An ADHD Conspiracy: Why Your Vyvanse May Not Be Working

The stimulant shortage started in August. Now people are claiming their ADHD medication  —  most frequently Vyvanse  —  is no longer working. We investigated and found something interesting…

By Rowan Zeoli Coauthored By J Gordon Curtis · Last Updated: June 22, 2023
Last Updated: June 22, 2023
Artwork by Diego Joka

Months ago, people   —  including one author of this article  —  started noticing their ADHD medication was no longer working. Noticing others on platforms like TikTok, Twitter, and Reddit, we decided to dig deeper. 

*Note: Since last compiling the statistics on this page, we have been blown away by the response to our survey! As of this update, we are sifting through nearly 1700 replies! 

We want to make this group bigger, so if you’ve noticed a shift in your medication’s efficacy, please share your experience by answering our survey.

We sent out a questionnaire to dozens of complainants asking for more information. As of this update, we have received 1,593 reports from people claiming there are inconsistencies within their medication.

Following this initial spike, mixed reactions flooded in — ranging from conspiracy to reactionary gaslighting of the alleged victims.

A few (unsubstantiated) conspiracy theories are currently circulating:

  1. Providers over-prescribed ADHD medication and can’t keep up with production
  2. Manufacturers are replacing medications with a placebo to avoid claiming a shortage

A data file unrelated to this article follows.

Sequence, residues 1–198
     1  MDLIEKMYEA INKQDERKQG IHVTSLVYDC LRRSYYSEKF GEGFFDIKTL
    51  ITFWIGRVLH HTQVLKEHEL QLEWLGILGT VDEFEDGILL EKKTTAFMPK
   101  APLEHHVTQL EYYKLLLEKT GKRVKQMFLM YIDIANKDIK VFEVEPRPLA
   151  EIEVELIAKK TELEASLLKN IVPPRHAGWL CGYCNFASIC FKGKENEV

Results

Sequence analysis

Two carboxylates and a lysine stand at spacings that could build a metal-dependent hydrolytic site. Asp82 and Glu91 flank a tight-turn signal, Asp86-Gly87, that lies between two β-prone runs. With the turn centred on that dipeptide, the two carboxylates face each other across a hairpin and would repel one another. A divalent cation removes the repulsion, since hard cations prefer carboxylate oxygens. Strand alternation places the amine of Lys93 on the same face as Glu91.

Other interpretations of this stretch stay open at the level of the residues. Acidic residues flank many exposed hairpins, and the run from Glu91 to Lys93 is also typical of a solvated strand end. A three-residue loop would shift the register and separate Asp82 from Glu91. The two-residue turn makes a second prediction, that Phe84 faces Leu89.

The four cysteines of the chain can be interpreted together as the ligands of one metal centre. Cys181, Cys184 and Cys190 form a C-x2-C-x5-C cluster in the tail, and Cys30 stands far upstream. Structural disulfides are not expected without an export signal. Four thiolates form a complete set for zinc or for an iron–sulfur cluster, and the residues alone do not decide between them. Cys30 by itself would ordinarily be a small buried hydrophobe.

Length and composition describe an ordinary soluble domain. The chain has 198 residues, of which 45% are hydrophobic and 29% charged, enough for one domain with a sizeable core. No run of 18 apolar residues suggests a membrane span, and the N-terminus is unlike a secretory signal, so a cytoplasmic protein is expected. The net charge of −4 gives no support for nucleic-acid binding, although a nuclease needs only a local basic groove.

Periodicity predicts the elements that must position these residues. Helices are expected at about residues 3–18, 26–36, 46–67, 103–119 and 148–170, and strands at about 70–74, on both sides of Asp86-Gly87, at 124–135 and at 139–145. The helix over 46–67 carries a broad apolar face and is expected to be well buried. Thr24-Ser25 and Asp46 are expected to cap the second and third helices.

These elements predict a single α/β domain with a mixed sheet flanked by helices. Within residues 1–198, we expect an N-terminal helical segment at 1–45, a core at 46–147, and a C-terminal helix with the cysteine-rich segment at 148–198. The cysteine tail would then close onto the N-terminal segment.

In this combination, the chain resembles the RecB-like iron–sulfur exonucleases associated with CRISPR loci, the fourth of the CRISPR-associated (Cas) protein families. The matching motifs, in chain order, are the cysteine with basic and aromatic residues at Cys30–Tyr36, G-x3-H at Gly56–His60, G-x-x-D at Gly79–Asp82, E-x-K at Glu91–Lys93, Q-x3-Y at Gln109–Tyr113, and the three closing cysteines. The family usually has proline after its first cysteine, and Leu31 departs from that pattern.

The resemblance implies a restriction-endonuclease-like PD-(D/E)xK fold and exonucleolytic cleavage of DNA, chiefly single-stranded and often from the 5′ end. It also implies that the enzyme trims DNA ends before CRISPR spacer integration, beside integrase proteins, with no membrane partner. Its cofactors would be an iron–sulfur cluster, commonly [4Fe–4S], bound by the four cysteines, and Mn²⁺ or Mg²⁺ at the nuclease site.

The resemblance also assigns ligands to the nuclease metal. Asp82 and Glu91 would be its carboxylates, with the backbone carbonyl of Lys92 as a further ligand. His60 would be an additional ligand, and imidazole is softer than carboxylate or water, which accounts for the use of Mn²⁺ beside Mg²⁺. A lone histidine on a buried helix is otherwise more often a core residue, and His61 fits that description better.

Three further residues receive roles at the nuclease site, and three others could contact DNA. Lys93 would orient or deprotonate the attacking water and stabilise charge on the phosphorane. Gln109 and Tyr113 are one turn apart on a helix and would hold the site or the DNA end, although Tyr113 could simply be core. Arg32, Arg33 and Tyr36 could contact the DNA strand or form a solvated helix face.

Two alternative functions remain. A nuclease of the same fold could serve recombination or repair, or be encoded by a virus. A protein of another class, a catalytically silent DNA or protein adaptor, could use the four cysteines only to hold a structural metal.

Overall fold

3. Less active ingredient is being added to each pill to reserve a diminishing stock

To be clear: It is highly unlikely and would be very difficult (and illegal) for manufacturers to create, pass inspection, and ship anything other than actual medication.

Still, despite an amphetamine crisis, Vyvanse is the only major stimulant not to report a shortage. This led many providers to switch their patients to Vyvanse as an incredibly expensive ($400/month) last resort when other options were not available.

In this article, we’ll cover the following:

What’s Happening with Vyvanse, Adderall?

We received 1637 total replies so far from various platforms across the web. Nearly 43% reported their medication was inconsistently effective, meaning it worked on some occasions, but not on others. Another 28% claimed their medications were completely ineffective, meaning that it was as if they weren’t taking any medications at all.

Restricting to respondents who specified Vyvanse was the drug that wasn’t working — nearly `63% (1035) claimed the drug wasn’t working.

This is far from an indication of a widespread conspiracy, but some testimonies make this an increasing concern without a real answer. 

We believe it shines a light on (some of) what’s happening nonetheless:

  • 37% of people gave a response indicating a potential issue with tolerance/dosage
  • 43% reported their medication was effective inconsistently, meaning it worked on some occasions, but not on others
  • 36% of respondents had been on the same dosage for between 3 and 12 months — enough time to know how it affects them but not enough time to grow a significant tolerance